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Richardson man to remain in federal custody for Capitol riot, death threats

The FBI said Garrett Miller threatened Rep. Alexandria Ocasio-Cortez and Sen. Chuck Schumer, and promoted the hanging death of a Capitol police officer.

DALLAS — Despite the family and attorney of a Richardson man arguing for his release, and a statement from the defendant, a federal judge in Dallas ordered Garret Miller to remain in custody until his trial.

The judge said Miller, 34, poses a flight risk and remains a danger to the public as a domestic terror threat.

Miller was arrested at his home in Richardson on the morning of President Joe Biden's inauguration in Washington, D.C. for his involvement in the U.S. Capitol riots.

Lawyers for the government offered examples of his use of social media before, during, and after Jan. 6 as evidence Monday morning in federal court.

In multiple social media posts Miller published selfies from inside the Capitol rotunda and tweeted multiple messages from both inside and outside the building. 

RELATED: Dallas Co. man arrested after posting from inside Capitol Rotunda on Jan. 6, making alleged threats against officials

"What I witnessed was beautiful" and "next time we bring guns," he said in social media posts.

"We stormed the capital (sic) as peacefully as we could without weapons . . . The congress building."  A few days later he admitted on Instagram that he "had a rope in (his) bag on that day." He also posted to his Twitter account a photograph from the U.S. Capitol grounds and stated, "It was Beutiful! (sic)  #Trump."

In evidence presented in court, the FBI also showed social media posts where Miller threatened the life of Congresswoman Alexandria Ocasio Cortez. The FBI said that in Instagram comments dating back to November 2020 he also threatened the life of Sen. Chuck Schumer.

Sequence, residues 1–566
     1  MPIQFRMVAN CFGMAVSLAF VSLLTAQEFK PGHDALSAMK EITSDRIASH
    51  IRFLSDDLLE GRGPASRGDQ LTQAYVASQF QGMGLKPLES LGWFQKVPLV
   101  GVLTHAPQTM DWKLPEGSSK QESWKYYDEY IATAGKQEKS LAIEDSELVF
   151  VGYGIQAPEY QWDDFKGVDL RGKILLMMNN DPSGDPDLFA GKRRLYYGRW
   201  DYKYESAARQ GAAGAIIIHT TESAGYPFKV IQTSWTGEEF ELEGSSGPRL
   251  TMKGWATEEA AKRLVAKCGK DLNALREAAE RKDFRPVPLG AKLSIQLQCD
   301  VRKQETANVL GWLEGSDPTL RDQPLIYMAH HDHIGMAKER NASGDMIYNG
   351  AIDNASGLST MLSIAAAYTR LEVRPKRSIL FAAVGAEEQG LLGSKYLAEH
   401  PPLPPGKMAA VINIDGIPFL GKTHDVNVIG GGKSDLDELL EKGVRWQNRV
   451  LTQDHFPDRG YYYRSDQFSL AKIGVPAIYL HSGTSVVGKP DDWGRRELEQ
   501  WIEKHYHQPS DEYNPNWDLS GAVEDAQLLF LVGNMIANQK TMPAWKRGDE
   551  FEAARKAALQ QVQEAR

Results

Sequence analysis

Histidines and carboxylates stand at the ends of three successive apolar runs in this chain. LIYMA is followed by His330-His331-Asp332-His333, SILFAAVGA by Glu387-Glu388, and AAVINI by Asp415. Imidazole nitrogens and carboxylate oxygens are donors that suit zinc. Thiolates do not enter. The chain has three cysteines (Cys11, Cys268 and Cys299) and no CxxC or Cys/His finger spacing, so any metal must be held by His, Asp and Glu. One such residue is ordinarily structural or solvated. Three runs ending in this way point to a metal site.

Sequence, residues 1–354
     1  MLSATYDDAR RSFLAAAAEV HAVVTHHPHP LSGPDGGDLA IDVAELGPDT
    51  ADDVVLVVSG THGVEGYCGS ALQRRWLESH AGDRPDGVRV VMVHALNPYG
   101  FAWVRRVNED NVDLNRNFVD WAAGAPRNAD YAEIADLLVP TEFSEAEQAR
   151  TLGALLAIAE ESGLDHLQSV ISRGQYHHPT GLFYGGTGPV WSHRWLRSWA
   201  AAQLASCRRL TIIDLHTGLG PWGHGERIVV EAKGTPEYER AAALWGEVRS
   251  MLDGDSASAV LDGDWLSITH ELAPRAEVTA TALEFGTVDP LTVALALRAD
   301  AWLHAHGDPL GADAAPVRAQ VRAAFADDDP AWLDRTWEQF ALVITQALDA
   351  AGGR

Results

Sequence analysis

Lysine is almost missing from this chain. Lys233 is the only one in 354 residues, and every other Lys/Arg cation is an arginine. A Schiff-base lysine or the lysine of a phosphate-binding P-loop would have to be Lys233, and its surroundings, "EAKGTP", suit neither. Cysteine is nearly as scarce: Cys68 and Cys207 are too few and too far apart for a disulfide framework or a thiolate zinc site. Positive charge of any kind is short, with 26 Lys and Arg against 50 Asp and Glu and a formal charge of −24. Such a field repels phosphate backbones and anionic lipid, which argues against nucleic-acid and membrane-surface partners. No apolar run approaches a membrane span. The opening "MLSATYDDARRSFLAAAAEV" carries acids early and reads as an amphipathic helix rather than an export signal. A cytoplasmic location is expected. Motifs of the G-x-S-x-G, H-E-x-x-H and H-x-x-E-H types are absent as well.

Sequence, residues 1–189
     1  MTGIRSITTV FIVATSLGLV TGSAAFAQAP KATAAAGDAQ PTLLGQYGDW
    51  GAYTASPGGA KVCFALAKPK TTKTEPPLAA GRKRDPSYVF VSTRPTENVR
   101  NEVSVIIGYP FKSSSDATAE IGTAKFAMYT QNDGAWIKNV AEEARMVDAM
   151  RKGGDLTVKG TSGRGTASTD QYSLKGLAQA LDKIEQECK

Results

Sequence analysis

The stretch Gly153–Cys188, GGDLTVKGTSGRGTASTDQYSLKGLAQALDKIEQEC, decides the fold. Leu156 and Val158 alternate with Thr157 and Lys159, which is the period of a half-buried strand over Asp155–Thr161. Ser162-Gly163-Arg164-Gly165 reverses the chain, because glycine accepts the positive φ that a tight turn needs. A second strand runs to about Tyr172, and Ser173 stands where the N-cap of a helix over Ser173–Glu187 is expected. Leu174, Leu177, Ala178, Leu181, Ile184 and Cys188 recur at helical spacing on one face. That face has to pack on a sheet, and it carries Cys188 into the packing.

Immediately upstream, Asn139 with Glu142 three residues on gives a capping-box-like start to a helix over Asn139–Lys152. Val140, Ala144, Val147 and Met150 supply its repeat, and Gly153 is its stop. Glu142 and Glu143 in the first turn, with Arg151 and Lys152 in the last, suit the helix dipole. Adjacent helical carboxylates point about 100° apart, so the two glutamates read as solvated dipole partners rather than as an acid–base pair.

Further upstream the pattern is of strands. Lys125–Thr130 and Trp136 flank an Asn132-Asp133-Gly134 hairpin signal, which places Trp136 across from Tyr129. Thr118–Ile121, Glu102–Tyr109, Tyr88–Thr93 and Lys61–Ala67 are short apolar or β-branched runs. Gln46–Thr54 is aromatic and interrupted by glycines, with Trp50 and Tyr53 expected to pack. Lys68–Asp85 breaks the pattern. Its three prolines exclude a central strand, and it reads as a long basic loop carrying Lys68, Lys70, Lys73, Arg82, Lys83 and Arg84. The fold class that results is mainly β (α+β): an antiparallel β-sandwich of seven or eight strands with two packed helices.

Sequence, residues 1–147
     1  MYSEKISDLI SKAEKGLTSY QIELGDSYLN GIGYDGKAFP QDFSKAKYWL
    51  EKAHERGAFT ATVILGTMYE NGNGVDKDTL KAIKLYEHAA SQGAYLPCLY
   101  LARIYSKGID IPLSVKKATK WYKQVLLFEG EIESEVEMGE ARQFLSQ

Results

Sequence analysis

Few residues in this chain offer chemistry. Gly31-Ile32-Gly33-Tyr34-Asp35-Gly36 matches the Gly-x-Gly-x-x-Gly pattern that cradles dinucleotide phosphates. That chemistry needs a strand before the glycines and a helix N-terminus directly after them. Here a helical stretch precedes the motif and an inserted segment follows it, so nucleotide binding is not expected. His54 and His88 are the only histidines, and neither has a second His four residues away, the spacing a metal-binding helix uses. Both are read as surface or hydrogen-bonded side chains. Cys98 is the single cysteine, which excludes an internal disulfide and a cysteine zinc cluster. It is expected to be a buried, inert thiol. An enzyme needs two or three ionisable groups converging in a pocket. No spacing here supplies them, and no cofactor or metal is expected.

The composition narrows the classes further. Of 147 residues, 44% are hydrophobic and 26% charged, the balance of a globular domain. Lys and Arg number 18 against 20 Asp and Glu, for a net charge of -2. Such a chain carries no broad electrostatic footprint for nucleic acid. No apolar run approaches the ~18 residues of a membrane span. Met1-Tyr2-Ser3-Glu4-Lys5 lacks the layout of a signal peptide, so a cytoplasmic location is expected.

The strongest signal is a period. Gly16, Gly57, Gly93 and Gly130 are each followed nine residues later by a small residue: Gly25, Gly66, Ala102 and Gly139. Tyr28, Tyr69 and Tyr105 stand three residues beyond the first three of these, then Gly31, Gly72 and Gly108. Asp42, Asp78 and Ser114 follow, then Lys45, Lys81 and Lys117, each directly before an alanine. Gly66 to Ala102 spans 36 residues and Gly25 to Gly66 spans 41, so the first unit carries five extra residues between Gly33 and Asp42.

The FBI said Miller threatened the life of the Capitol police officer who shot and killed a female protester multiple times on social media. In one conversation, he wrote: "hug his neck with a nice rope."  And that it will be "justice not murder."

The FBI said that as late as Jan. 16 in a Facebook conversation Miller said that the Capitol police officer is "not going to survive long" that "millions" of people agree with him that the officer "deserve(s) to die" and "so its (sic) huntin' season."

The FBI said that when Miller was arrested at his home in Richardson, despite claims he was no longer an advocate for Trump, he was wearing a Trump t-shirt. In his van and home, agents recovered a rope and grappling hook, a tactical vest, gas mask with filters, a suitcase with boxes of ammo, an AR-style rifle, a shotgun, a handgun, and a crossbow with arrows. 

Miller had also made social media statements about needing to disappear for a while. The FBI, citing that statement as evidence he might be a flight risk, said his van, also equipped with an electrical inverter, showed evidence he may have been living in it for a time.

Miller's older brother and his father both argued for his release pending trial, saying that he was a "good man" who had just "gone down a rabbit hole" and lost his way.  

"So out of character that is is unbelievable that it has occurred," said his father Bill Miller relaying that his middle son's fascination with Trump began shortly after he lost his job and was looking for a new sense of direction.

Garrett Miller's attorney offered a written statement to the judge on his behalf.

"I believed I was following the instructions of former President Trump and he was my president and the commander-in-chief. His statements also had me believing the election was stolen from him. Nevertheless, I fully recognize Joe Biden is now the President of the United States and that the election is over. I never intended to harm Congresswoman Ocasio-Cortez nor harm any members of the Capitol police force....I want to publicly apologize to Congresswoman Ocasio-Cortez and the Capitol police officers I have always supported law enforcement and I am ashamed by my comments."

Federal magistrate Rebecca Rutherford, agreeing with prosecutors that he posed a threat as a domestic terrorist and a flight risk, ordered him to remain in custody. 

Unlike some Capitol riot suspects who have been released on bond, the judge found the allegations of death threats much more serious.

"You were hunting a law enforcement officer," the judge said in her ruling. "You intended to murder him by hanging him by a rope."

A next court date has not yet been set.